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HARRISBURG- April 21, 2021- The Commonwealth Financing Authority approved $1.55 million in grant funding for transportation, recreation and environmental projects in Berks County, according to members of Berks County’s legislative delegation.

Three projects received $175,000 in grant funding through the Greenways, Trails, and Recreation Program to support recreation improvement efforts. Three other projects received $1.37 million in Multimodal Transportation Fund grants, according to Sen. Judy Schwank (D-11th district), Reading Mayor Eddie Morán and Reps. Gary Day (R-187th district), Mark Rozzi (D-126th district), Mark Gillen (R-128th district) and Manny Guzman (D-127th district).


Multimodal Transportation Fund Grants

  • Borough of Kutztown, Infrastructure Improvements, Park and Walk Project, $674,844

“This funding will assist Kutztown with their multi-faceted plan to make the borough even easier to navigate for pedestrians and motorists,” Schwank said. “Their plan includes ADA improvements, crosswalk upgrades, traffic signal improvements and more. I commend Kutztown’s local officials for their vision and foresight to pursue a project to make an already friendly borough more welcoming for residents and visitors alike.”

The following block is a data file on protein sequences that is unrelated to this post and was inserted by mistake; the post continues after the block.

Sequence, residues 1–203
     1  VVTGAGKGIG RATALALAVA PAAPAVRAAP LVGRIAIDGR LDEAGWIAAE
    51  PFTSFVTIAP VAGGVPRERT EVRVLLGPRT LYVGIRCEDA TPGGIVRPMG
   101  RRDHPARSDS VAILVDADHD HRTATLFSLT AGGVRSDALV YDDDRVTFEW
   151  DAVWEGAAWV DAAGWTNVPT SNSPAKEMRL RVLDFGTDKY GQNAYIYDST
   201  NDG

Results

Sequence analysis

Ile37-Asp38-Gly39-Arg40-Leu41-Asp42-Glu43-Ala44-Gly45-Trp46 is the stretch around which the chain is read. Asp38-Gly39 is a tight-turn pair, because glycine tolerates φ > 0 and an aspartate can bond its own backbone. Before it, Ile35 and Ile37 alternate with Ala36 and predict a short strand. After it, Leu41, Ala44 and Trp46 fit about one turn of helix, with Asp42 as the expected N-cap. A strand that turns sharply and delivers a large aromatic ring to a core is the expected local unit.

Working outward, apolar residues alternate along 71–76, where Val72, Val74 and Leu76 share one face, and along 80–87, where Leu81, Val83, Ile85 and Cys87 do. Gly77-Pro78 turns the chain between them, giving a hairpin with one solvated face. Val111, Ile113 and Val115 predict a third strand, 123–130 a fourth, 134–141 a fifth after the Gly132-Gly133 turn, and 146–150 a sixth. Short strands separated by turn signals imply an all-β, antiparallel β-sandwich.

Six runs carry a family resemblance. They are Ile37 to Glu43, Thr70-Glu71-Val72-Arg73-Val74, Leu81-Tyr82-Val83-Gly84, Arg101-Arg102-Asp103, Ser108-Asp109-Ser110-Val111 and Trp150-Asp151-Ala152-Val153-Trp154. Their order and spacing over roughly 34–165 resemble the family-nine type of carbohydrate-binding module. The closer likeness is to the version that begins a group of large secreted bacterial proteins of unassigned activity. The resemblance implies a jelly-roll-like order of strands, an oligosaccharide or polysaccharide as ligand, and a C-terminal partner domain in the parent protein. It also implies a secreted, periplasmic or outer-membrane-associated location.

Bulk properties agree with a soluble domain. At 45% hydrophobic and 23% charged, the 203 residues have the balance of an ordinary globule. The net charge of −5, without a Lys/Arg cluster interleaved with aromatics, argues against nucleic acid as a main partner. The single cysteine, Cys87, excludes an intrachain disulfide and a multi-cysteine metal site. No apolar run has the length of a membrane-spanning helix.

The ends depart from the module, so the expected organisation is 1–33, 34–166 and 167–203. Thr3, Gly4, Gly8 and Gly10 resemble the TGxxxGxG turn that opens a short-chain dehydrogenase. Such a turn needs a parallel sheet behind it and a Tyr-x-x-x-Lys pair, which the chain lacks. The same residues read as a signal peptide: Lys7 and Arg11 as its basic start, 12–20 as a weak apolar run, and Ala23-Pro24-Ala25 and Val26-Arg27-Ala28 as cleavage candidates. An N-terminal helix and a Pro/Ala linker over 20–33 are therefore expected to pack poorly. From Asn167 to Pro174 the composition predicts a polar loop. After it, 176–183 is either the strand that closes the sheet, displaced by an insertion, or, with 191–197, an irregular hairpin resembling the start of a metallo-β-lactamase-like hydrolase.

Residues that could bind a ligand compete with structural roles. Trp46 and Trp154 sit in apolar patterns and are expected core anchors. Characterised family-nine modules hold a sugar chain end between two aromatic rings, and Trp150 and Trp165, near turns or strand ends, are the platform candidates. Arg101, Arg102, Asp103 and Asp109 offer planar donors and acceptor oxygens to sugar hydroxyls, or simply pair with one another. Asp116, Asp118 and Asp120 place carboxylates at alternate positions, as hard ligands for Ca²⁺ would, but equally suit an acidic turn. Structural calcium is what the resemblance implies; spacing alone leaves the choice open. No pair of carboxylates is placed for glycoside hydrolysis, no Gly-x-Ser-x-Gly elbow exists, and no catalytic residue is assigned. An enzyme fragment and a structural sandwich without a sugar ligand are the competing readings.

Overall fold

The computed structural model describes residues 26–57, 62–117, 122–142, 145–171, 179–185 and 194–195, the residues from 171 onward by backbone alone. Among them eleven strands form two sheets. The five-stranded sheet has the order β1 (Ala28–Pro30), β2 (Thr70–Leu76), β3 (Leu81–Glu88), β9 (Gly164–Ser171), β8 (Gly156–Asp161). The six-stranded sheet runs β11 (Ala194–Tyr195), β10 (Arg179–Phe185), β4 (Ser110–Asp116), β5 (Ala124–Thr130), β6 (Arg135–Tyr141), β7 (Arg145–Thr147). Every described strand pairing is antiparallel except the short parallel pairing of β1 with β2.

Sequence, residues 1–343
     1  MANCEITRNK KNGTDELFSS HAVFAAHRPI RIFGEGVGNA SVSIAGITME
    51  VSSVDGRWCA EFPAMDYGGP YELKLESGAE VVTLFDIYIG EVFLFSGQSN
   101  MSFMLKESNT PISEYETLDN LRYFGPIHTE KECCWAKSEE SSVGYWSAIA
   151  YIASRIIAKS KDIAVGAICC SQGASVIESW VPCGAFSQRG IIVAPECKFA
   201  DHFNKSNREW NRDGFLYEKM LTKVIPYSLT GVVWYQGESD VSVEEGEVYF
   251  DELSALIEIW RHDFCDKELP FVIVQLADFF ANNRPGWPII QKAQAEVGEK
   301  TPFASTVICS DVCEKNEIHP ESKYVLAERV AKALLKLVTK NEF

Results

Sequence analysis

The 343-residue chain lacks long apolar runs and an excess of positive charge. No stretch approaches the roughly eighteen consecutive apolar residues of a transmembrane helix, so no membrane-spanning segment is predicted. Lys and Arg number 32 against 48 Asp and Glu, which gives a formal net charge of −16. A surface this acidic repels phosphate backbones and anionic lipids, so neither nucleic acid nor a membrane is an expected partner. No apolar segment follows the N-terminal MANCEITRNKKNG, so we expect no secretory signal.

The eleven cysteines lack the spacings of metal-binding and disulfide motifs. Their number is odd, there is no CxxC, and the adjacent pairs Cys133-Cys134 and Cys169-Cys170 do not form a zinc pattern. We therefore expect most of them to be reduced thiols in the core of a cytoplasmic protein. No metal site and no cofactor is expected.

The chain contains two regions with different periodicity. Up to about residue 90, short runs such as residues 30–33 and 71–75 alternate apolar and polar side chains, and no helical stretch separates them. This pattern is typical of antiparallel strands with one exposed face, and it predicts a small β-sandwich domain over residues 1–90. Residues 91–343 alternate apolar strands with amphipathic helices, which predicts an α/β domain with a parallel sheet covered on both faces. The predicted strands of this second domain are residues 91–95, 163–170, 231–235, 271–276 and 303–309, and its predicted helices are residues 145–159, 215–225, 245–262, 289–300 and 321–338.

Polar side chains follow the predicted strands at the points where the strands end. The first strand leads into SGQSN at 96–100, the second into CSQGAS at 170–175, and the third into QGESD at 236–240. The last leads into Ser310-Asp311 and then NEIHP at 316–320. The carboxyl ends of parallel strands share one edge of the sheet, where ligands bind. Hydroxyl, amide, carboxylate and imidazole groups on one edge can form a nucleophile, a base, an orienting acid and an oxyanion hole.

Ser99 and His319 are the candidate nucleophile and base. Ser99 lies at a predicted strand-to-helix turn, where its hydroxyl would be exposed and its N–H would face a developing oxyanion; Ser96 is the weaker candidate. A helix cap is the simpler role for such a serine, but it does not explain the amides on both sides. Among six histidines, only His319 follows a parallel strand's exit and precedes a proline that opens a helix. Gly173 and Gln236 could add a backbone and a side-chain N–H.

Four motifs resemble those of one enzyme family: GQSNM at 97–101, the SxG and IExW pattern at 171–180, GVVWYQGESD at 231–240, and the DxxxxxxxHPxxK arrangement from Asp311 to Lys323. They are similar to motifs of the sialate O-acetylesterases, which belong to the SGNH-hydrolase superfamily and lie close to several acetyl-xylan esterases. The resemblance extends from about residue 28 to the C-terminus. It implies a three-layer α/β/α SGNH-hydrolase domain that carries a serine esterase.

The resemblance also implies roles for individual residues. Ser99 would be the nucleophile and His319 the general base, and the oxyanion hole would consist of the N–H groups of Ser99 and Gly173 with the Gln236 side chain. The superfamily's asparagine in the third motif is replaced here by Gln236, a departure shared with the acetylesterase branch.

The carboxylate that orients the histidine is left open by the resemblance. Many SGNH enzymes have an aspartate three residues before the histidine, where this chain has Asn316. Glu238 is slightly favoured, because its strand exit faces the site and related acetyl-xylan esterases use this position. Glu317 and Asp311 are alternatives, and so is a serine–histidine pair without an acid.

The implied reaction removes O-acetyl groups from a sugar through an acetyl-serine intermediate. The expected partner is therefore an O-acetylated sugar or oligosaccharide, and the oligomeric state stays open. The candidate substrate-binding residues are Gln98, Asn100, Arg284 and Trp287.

“Kutztown is one of the most walkable boroughs in Berks,” Day said. “I’m pleased to see the borough will receive the funds to further improve its walkability and safety for both pedestrians and motorists alike.”


  • City of Reading, Buttonwood Gateway West MTF Project, $375,000